this stereotype as well to capture the imagination of the player; it is more entertaining to be a
ninja late for school than to be a regular student late for school. On top of which, in the current
American culture it would be undesirable to show a normal student bringing swords and
shuriken into a school.

Enemies
The enemy characters further the game's presentation of chemistry through their
appearance and actions. Walking and flying enemies resemble the false-colored spherical

representation of molecules that frequently appear in textbooks. The flyers are especially
modeled after a water molecule with one large central atom and two smaller atoms in a 90degree spread, coupled with their blue color. Walkers appear in levels associated with solid
elements and metals while flying enemies are more common in the gasses and liquids. The
spark enemies show up in only a few rooms for those elements that are noted for their electrical
conductivity.
Enemies also surround the player with the presence of the atomic elements. Each
enemy walker or flyer is associated with a semi-random element when the player enters the
level. The elements associated with the enemy are not strictly the same element as the level in
which they appear, but are chosen from a small pool of the "closest" atoms in the table,
calculated by the atomic number. When an enemy is defeated, it will drop either a health
restoration item or some of their given element that the player can then collect and add to their
weapon inventory.
To represent the concept of valence electrons (the outer orbital shell of each atom's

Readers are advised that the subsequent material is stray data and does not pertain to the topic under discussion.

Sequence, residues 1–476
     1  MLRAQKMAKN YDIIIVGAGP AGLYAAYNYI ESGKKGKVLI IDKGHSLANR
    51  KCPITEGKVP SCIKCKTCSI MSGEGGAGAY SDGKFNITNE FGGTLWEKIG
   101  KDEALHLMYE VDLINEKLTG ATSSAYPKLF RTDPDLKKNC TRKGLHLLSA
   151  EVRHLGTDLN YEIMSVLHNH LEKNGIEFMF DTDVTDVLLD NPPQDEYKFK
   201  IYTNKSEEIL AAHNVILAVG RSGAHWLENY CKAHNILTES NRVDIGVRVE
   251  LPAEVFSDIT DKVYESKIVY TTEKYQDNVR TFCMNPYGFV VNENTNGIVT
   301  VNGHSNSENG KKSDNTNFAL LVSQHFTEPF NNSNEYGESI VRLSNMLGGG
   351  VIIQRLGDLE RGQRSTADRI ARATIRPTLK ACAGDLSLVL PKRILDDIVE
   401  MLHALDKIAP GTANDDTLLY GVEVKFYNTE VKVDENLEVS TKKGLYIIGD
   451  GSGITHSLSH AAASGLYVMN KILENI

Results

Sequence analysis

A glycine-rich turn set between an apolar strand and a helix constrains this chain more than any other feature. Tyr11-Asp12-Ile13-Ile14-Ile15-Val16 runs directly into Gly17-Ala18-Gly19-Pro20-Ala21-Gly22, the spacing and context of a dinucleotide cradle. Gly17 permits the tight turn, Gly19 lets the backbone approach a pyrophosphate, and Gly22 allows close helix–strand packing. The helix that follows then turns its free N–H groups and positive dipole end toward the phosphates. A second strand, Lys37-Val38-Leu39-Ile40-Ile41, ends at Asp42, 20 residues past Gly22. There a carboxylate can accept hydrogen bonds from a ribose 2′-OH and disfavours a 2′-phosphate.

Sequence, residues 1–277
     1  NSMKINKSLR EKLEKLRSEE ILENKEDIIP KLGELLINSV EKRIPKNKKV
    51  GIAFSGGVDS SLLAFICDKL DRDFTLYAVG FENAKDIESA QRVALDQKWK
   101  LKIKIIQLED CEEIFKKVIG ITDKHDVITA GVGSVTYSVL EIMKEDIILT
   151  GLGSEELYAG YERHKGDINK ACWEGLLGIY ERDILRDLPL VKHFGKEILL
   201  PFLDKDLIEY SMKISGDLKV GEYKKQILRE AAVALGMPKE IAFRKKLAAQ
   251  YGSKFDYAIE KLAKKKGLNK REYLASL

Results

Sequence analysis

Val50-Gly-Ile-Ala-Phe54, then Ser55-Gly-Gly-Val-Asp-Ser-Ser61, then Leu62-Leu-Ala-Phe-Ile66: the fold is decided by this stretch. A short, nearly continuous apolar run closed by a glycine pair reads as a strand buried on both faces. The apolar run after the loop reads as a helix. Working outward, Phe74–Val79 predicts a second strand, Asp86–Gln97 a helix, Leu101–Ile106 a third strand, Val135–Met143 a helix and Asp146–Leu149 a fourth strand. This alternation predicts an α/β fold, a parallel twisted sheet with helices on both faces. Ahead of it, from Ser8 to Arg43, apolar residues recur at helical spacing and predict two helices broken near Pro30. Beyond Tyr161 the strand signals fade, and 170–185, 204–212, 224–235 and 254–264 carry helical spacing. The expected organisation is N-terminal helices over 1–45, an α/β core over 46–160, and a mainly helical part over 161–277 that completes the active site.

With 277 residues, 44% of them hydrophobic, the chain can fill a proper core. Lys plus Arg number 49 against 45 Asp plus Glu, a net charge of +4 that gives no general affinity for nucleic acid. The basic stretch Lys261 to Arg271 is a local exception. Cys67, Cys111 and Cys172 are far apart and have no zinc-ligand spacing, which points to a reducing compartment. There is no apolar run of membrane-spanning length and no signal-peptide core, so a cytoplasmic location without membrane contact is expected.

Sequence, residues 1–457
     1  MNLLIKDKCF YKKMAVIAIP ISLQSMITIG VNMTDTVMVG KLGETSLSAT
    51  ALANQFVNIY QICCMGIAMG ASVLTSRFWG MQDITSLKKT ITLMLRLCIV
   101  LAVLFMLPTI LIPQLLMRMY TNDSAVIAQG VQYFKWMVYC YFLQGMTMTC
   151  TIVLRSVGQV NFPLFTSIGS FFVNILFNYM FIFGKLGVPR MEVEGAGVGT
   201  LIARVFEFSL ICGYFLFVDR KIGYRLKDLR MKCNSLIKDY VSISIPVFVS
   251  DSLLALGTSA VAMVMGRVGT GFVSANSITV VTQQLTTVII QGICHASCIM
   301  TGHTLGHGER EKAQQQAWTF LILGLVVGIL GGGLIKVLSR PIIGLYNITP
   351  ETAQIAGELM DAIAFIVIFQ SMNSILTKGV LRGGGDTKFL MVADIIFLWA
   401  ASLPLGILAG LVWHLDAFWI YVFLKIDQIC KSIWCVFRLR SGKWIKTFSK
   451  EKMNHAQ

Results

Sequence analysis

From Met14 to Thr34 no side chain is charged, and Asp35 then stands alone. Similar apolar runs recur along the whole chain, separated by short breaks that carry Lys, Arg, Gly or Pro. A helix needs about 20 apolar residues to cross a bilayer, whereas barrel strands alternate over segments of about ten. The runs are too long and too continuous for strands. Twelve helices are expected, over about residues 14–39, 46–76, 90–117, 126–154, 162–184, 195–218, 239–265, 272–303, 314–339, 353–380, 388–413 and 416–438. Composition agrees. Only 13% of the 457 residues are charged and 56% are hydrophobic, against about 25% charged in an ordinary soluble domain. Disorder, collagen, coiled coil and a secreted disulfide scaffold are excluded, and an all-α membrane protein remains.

electron cloud, which determine which atoms may bond with which), each enemy is visibly
surrounded by a number of bright yellow "electrons". To damage the enemy with an element
weapon, the valence of the weapon must complement the valence of the visible electrons.
Enemy health and the amount of damage they deal are also calculated from the atomic number
of their associated element. Altogether this has the effect that as the player penetrates farther
into the map they are presented with steadily stronger monsters that require an ever-shifting
range of elements to defeat.

Weapons
The weapon design was also suggested directly by the chemistry setting. The player
character has one "ionic" melee weapon, one "covalent" melee weapon, and access to an
inventory of the atomic elements. The ionic and covalent weapons correspond to the ionic and
covalent bonds that exist in molecules. The two weapons have differing characteristics so that
they may both be useful in different circumstances; in Chemu, the ionic weapon is faster and
longer, while the covalent weapon has very short range but deals much more damage.

Fig 1: The four main characters of the game. From left: Chemu, Atomi, walking enemy,
flying enemy.
The player's inventory is initially a blank periodic table. Each level in the game contains
at least one element item that the player can collect, and most enemies leave behind an item of

their element when defeated. By collecting these items the associated elements are added to